March 24 (UPI) -- Harris Blitzer Sports & Entertainment -- the group that owns the Philadelphia 76ers and New Jersey Devils -- reversed course and will pay team employees their full salaries amid the temporary shutdowns of the NBA and NHL because of the coronavirus pandemic.
After receiving public backlash and pushback from within the organizations, the ownership group held a conference call Tuesday afternoon and backed off on a plan that would have subjected full-time team employees to temporary pay reductions.
"Our commitment has been to do our best to keep all of our employees working through this very difficult situation," Josh Harris, founder of Harris Blitzer Sports & Entertainment, said in a statement. "... After listening to our staff and players, it's clear that was the wrong decision. We have reversed it and will be paying these employees their full salaries.
"This is an extraordinary time in our world -- unlike any most of us have ever lived through before -- and ordinary business decisions are not enough to meet the moment. To our staff and fans, I apologize for getting this wrong."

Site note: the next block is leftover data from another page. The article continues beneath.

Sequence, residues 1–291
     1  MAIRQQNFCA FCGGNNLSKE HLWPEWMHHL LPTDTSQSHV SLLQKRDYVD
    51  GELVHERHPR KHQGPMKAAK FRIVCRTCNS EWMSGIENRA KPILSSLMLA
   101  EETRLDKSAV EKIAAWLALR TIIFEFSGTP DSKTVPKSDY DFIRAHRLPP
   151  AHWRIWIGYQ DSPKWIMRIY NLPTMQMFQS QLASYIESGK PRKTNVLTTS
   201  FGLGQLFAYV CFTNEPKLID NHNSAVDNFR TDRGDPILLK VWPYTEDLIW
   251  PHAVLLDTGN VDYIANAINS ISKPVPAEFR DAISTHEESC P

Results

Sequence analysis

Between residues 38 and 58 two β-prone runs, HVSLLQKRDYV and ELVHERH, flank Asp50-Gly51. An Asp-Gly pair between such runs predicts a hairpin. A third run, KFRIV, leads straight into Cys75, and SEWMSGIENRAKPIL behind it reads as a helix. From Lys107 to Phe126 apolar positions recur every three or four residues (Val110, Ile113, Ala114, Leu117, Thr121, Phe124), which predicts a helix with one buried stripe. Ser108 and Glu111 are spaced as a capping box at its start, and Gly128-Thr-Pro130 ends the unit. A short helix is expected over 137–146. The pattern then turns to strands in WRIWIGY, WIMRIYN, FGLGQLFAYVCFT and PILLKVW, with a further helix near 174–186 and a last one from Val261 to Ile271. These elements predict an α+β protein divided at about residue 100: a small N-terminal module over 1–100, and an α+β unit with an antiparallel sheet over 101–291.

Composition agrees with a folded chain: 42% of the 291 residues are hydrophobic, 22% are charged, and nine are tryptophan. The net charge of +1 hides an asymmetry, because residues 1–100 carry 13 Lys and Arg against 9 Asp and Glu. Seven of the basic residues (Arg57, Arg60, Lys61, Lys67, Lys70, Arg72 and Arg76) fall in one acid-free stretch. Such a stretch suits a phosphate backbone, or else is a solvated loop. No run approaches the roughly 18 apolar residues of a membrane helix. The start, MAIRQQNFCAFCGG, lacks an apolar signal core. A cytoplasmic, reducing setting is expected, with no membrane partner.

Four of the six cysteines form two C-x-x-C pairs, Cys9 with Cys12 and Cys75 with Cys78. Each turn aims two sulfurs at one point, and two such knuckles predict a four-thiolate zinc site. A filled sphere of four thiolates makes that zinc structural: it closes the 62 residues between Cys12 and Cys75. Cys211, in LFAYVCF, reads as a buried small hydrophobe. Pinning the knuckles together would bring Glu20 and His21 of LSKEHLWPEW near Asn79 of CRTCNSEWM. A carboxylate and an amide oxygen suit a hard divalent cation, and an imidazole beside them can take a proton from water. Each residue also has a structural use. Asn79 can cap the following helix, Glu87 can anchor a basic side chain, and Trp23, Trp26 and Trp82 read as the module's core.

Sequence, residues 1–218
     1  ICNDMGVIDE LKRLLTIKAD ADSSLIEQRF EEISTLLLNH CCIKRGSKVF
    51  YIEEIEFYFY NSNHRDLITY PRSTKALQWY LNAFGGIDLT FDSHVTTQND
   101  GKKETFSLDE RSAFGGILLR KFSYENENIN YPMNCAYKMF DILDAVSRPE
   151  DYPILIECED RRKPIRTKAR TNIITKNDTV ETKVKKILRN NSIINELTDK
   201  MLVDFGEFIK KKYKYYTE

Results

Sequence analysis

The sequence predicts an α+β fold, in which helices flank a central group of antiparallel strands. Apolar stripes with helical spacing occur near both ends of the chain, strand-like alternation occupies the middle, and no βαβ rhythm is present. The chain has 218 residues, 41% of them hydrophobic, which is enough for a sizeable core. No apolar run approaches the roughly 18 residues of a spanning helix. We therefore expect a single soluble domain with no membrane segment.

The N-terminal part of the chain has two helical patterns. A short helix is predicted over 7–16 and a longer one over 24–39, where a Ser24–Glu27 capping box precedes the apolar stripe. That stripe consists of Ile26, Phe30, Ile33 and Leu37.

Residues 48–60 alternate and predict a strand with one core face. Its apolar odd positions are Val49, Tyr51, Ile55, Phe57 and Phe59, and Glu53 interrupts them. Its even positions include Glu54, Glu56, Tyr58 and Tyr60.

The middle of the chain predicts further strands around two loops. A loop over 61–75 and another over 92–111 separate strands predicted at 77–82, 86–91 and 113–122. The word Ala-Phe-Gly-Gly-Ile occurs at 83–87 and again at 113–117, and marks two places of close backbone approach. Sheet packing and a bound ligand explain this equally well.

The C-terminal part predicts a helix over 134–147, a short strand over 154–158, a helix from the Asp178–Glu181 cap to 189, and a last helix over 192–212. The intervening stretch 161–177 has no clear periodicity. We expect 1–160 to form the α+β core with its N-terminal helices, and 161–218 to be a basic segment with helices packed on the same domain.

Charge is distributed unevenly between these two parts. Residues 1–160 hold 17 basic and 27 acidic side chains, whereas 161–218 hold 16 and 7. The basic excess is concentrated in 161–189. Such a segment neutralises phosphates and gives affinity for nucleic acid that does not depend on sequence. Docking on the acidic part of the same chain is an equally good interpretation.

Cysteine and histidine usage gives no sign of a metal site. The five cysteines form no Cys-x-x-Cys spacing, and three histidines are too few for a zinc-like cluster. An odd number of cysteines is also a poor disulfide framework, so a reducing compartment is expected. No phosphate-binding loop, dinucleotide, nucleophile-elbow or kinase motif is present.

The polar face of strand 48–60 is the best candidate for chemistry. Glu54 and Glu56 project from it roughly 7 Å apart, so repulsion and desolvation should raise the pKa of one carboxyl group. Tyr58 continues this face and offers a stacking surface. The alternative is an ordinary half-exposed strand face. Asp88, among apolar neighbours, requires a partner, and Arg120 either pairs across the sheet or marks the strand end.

Before rolling back the plan, the ownership group notified salaried staff members that full-time employees are subject to pay cuts up to 20 percent as a result of the coronavirus outbreak.
"As we navigate this evolving COVID-19 environment, we are mindful of the long-term impact the suspension of live events and games will have on our organization and industry," Harris Blitzer Sports & Entertainment CEO Scott O'Neil said in a statement Monday.
"To ensure we can continue to support and operate our businesses during these uncertain times without reducing our workforce, we are asking our full-time, salaried employees to temporarily reduce their pay by up to 20 percent and move to a four-day week."
Sources told the New York Times and ESPN that the temporary salary reductions were for employees who earn more than $50,000 per year. The salary reductions were to start April 15 and run through the end of June.
Sources told the Times and the Philadelphia Inquirer that 76ers general manager Elton Brand, 76ers president of business operations Chris Heck and Devils president Jake Reynolds previously agreed to salary reductions.
The ownership group said the measures were taken to avoid layoffs and keep full benefits for the company's 1,500 employees.
The NBA plans to give players full salary payments on April 1. NBA and NHL athletes were exempt from the owners' proposed pay reductions because both leagues have collectively bargained labor agreements.
Sources told ESPN and The Athletic on Tuesday that 76ers center Joel Embiid was pledging $500,000 toward coronavirus medical relief efforts. He also committed to helping team employees who were going to be impacted by the salary reductions.
Embiid tweeted his approval of the ownership group's reversal of the plan.
The NBA and NHL seasons were indefinitely suspended on March 11 and 12, respectively, in response to the pandemic.